Pork and Beans,Chicken Little and Riding the Tide of Emotions

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I’m an emotional person.

It’s how I interpret my world.

But, emotions are not truth.

Expressions of compassion, frustration, joy and sorrow. But, they  are not truth.

Truth is invincible. Unmovable. Straightforward precepts that bind the world together without making a sound.

I actually prefer long, slow melodies that cuts to the heart. Dramatic movie that inspire me to live my dreams.

But, sometimes, I ride so high on emotion I lose my sense of reasoning, my bearings of what is right and what is wrong.

That’s why I have to guard my heart. Keep my compass working so that no matter where the tide of emotions carry me, I can always make my home.

When I was nineteen I rode the tide of emotion so far out to sea, I thought that I could never paddle back to shore.

It happened on a rainy afternoon.

In a car. On my way to a party.

“I’ve got a great idea for our wedding,” I told to my fiance as I snuggled closer to him and watched the rain drops slide down the windshield.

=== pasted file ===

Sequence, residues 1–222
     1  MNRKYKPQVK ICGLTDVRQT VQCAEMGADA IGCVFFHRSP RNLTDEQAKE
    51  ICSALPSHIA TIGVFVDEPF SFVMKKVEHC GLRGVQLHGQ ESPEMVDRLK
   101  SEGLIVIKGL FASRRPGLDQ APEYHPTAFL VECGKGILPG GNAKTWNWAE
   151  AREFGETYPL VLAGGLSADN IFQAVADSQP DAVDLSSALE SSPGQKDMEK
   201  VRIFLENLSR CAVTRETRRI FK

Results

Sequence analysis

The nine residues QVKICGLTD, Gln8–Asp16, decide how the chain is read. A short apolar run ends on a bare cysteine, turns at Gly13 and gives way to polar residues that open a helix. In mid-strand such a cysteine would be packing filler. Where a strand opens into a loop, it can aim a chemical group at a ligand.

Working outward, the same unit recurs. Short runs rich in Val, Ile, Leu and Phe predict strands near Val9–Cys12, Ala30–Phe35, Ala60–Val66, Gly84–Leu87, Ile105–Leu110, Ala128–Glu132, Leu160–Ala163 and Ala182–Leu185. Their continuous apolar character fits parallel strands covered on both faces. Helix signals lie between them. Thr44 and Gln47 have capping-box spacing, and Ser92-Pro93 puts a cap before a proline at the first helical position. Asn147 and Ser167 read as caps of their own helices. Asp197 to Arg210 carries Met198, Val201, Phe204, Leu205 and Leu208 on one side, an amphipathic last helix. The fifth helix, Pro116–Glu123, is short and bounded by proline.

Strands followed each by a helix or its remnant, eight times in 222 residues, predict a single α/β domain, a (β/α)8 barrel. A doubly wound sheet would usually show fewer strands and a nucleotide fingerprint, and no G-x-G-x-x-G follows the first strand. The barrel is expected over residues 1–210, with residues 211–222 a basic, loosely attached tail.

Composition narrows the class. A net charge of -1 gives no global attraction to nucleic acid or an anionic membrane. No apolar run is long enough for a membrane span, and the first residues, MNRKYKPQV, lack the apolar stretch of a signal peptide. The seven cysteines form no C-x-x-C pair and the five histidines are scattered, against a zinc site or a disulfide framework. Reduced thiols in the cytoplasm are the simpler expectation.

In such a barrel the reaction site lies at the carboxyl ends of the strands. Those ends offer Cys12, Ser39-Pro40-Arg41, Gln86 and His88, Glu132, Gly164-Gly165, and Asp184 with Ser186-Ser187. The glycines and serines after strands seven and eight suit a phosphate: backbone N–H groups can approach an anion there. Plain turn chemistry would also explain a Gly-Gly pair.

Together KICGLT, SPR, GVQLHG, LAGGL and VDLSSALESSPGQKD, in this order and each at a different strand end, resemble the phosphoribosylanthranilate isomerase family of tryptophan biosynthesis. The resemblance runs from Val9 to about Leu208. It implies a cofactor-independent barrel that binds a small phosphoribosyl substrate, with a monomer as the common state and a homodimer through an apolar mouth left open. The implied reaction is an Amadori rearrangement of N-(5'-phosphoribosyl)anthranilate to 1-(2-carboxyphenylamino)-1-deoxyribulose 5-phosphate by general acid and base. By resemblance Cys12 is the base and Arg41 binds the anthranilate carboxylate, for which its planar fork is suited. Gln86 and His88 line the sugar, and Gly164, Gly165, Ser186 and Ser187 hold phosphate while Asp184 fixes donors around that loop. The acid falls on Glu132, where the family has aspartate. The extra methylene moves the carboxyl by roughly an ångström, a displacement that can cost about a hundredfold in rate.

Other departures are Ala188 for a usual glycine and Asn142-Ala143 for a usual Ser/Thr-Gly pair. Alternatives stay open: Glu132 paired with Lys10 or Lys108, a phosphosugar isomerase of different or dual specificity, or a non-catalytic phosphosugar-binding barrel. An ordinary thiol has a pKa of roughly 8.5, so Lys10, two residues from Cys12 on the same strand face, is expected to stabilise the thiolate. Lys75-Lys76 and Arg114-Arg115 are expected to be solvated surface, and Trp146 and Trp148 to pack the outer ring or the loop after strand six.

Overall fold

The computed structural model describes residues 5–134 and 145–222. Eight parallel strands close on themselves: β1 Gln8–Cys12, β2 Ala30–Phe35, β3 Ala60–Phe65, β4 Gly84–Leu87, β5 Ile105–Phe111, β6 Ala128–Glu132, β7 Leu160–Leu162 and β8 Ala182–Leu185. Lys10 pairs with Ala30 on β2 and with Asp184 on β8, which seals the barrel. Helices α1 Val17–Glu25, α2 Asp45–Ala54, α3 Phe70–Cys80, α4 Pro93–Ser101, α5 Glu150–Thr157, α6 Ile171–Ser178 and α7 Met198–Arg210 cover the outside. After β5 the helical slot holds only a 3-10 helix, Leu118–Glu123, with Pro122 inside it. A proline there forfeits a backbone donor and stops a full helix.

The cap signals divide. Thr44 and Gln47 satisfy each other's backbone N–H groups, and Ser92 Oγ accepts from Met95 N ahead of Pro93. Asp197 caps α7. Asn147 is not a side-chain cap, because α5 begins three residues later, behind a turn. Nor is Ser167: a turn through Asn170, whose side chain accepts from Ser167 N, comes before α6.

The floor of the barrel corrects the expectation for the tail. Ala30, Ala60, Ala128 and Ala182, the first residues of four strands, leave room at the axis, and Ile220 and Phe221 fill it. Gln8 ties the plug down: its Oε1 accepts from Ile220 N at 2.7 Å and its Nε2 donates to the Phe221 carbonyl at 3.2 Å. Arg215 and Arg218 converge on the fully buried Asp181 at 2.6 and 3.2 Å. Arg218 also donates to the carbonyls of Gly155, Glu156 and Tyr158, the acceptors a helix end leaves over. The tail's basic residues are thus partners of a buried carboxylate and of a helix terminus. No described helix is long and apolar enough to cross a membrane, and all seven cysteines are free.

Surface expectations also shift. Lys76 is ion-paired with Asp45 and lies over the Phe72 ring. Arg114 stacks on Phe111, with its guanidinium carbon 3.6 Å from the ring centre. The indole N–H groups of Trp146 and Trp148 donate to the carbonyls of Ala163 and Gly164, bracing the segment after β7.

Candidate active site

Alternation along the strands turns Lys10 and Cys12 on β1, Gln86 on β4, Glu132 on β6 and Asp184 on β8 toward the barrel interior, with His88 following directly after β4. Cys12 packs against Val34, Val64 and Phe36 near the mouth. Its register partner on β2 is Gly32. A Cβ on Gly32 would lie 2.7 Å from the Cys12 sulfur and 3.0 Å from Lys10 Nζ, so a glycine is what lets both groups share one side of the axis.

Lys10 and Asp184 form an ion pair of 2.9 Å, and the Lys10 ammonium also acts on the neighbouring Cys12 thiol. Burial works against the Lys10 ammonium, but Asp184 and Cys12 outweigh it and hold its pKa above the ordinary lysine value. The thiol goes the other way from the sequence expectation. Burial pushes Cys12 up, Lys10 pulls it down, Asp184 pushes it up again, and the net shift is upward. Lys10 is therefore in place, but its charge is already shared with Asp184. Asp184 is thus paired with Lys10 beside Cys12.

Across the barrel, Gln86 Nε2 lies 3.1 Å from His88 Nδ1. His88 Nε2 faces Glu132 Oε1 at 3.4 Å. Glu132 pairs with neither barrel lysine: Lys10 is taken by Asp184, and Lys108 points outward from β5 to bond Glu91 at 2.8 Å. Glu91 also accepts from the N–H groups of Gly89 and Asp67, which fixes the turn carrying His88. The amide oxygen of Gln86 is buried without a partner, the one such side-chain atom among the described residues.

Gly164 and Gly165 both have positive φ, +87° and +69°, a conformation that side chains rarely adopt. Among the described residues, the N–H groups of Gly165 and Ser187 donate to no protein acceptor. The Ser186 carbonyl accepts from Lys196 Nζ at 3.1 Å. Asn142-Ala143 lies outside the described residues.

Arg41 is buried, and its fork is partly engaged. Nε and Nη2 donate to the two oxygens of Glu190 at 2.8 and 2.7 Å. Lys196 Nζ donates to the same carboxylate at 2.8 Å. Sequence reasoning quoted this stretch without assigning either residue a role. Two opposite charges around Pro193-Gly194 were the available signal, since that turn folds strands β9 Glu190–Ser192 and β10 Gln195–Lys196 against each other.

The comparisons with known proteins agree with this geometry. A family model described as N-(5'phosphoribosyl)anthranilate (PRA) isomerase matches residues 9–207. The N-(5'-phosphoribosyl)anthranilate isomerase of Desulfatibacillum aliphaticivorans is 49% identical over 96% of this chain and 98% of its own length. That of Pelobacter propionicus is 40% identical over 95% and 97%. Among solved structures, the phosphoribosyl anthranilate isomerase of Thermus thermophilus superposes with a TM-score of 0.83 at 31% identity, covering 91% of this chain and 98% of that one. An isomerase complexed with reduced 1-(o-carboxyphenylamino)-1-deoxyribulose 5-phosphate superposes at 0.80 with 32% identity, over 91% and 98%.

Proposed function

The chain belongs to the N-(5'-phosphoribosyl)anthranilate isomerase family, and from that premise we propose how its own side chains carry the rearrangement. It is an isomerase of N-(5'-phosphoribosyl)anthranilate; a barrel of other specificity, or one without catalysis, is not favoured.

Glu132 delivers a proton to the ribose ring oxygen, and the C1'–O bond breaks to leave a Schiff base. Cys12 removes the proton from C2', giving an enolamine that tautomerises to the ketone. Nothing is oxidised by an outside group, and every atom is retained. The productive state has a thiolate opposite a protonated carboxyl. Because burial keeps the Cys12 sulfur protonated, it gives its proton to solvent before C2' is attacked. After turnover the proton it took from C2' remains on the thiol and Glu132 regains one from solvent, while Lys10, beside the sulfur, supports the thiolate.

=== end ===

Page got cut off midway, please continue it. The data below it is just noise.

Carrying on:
“I want out,” he responded.

“Out of what?” I squealed with the deep insight of a nineteen year old, “The car? While you’re driving? That’s dangerous.”

“I’m talking about you and me,” He said, “I don’t want to marry you.”

Out of nowhere, the Chicken Little’s admonition came to mind.

She was right, I thought as I fought to understand what had just happened. The sky could fall when you least expected it. It just crashed through the roof of the car and smashed my girlhood dreams.

I cried. For months.

I walked around in a daze. I stopped eating. Stopped studying for classes. I lost my job.

Lonely. Unlovable. Terrified that God had forgotten me.

That was how I felt.

But, that was not the truth.

Six months later, I walked into my sister’s apartment. She heated up a can of pork and beans and offered me a bite.

The flavor of the sauce exploded in my mouth. I ate more that night than I had in days.  For the first time, I noticed the rich colors of dish towels in the kitchen. I heard the music swelling from my sister’s stereo.

I was back.

While I had been gone, truth had not changed.

Sure, I was not engaged. I was not doing well in school. I was broke. But, I was not alone.

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